Americans prize the First Amendment as the cornerstone of a free society and even relish the idea of being able to speak their minds about public officials. But that doesn’t mean a rodeo clown banned for life from performing at the Missouri State Fair after a controversial act has a First Amendment claim against the fair commission.
The clown, Tuffy Gessling, was performing Aug. 10 in the rodeo at the state fair in Sedalia. He entered the ring before the bull-riding event wearing a mask of President Barack Obama and with a broom stuck up the back of his shirt. A voice heard over the sound system asked “if anyone would like to see Obama run down by a bull,” according to fairgoer Perry Beam, who posted this account on his Facebook page.
“The crowd went wild. He asked it again and again, louder each time, whipping the audience into a lather,” Beam continued.
Beam’s report, along with photos and video, quickly set the Twittersphere ablaze.
After politicians on both sides of the aisle soundly condemned the act, Missouri State Fair officials banned Gessling from performing at the fair for life and required the Missouri Rodeo Cowboy Association to make available for review all acts before they are performed at the fair.
The association announced on its website that it will take no further action against Gessling.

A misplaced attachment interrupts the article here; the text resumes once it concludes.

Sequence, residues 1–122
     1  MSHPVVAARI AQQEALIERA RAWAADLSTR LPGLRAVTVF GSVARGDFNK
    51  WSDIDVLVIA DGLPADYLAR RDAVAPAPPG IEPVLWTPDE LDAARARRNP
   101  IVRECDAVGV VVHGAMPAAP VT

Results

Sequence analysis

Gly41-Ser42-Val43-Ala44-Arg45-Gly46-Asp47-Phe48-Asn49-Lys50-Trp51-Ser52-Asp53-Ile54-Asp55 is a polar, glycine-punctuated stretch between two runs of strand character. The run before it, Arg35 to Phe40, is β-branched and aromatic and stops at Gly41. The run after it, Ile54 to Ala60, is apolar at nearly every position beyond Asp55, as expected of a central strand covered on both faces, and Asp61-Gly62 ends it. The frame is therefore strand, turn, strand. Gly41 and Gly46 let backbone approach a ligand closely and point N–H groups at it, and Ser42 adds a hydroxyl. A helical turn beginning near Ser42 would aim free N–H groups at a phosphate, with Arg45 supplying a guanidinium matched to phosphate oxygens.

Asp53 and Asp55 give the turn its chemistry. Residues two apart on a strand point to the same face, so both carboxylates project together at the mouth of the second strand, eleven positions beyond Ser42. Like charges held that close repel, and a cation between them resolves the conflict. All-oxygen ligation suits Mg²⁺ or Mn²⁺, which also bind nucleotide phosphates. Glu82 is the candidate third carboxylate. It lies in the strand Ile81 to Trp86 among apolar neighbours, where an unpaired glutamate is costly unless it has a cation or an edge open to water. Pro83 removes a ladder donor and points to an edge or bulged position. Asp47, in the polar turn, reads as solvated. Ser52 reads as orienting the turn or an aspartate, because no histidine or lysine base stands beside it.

Gessling has apologized a few times on his personal Facebook page, which has recently seen in influx of more than 1,900 friends. His supporters have created a fan page on Facebook — “Support Tuffy Gessling, Professional Rodeo Entertainer” — where they argue Gessling shouldn’t be punished for speaking his mind.
“As blunt and crass as the whole thing may have been, it’s kind of core political protest,” Washington University law professor Greg Magarian said in a telephone interview. “This isn’t just somebody randomly insulting someone. … It’s political theater of a certain kind.”
And if Gessling had made his remarks in a public forum, where citizens could get on a soapbox and express their opinions, his speech clearly would have been protected, Magarian said.
Instead, the clown appeared to be a public employee or public contractor, at least while he was performing, and the Missouri State Fair had the right to control his message.
The idea that Gessling was a public employee comes from the fact that the State Fair Commission was established by statute, that its members are appointed by the governor and that the fair gets taxpayer funding.
Allen Rostron, a law professor at the University of Missouri-Kansas City, said the government can tell its employees, when they are in the course of fulfilling their duties as employees, what to say and what not to say.
He cited Garcetti v. Ceballos, a 5-4 decision from the U.S. Supreme Court that held speech by a public official, Richard Ceballos, of the Los Angeles District Attorney’s office, is protected only if engaged in as a private citizen.
“Government employees don’t totally lose their freedom of speech. … But you don’t have a right to say whatever you want in the course of doing your job for the government,” Rostron said.